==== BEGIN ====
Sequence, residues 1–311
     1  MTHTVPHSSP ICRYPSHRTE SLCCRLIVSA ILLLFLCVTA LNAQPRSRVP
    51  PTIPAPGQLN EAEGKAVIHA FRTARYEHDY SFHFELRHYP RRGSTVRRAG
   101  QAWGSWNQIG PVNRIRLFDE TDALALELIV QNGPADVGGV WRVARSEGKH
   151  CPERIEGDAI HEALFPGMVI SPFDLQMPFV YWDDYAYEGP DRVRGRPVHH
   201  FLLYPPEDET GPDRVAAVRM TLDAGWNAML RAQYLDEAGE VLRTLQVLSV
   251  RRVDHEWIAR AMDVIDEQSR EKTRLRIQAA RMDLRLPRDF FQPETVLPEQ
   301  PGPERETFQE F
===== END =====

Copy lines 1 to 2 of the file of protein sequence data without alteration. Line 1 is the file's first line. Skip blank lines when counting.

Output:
Sequence, residues 1–311
     1  MTHTVPHSSP ICRYPSHRTE SLCCRLIVSA ILLLFLCVTA LNAQPRSRVP